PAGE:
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Ashley Madison again sets the bar for online dating

By J. DeVoy

I’ve discussed Ashley Madison on two prior occasions.  By all appearances, it’s a a dating service people actually use, and it has money to throw around.  For the uninitiated, Ashley Madison is a paid dating website that pairs married men with married women, so that they may cheat on their respective spouses with one another under the safety umbrella of mutually assured marital destruction.  Unsurprisingly, it was started by a former lawyer.  Kudos to you, good sir.

The stroke of brilliance that led to Ashley Madison’s success is now evident in its marketing.  A recent advertisement that has the whiners at Jezebel all up in a huff shows a corpulent woman in revealing clothing, asking “did your wife SCARE you last night?”  If so, the natural conclusion is to join Ashley Madison and cheat.

In a country where the majority of divorces are initiated by women, who are then entitled to lavish amounts of alimony and child support – which does not necessarily even go to the child – a rational man should be scared of his wife every night. (And day, for that matter.)  A woman will cheat on or divorce a man if his earning power drops, or even if she has some nebulous Eat-Pray-Love experience where she no longer “feels” an emotional bond for her spouse – why not cheat if she’s done something that concretely diminishes your attraction to her, such as gaining 200 pounds?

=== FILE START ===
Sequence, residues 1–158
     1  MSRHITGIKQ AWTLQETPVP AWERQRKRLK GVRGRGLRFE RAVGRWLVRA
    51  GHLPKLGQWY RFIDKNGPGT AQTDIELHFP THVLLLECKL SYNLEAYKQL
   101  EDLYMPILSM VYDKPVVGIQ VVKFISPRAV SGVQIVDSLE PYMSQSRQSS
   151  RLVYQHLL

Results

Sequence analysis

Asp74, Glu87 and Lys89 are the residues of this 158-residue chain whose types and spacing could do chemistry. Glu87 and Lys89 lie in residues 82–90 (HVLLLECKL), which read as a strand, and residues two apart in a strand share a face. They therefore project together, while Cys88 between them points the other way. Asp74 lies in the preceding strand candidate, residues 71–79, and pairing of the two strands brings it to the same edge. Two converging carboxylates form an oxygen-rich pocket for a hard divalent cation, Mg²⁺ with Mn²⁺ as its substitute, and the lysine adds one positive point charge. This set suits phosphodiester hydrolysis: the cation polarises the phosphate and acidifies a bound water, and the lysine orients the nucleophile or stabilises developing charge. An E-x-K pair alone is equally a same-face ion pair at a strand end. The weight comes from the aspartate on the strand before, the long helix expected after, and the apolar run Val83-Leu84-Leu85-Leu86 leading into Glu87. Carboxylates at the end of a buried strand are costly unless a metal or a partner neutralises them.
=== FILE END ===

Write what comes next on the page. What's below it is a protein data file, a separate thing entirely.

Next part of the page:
I’m not necessarily advocating adultery.  What I am saying, however, is that I can understand why cheating would make sense, as opposed to “manning up” and just filing for divorce, in light of materially changed circumstances and the prevailing misandrist legal climate.  A woman’s looks to a man are what a man’s intelligence, charisma, earning potential, social status, looks and “confidence” are, combined, to a woman.  Suddenly male aversion to a fat wife isn’t so shocking.

In all, this is good advertising.  My friends in that field probably are angry that they didn’t come up with the idea first.  It’s subversive and offensive because it embraces reality.  Woe unto its detractors.

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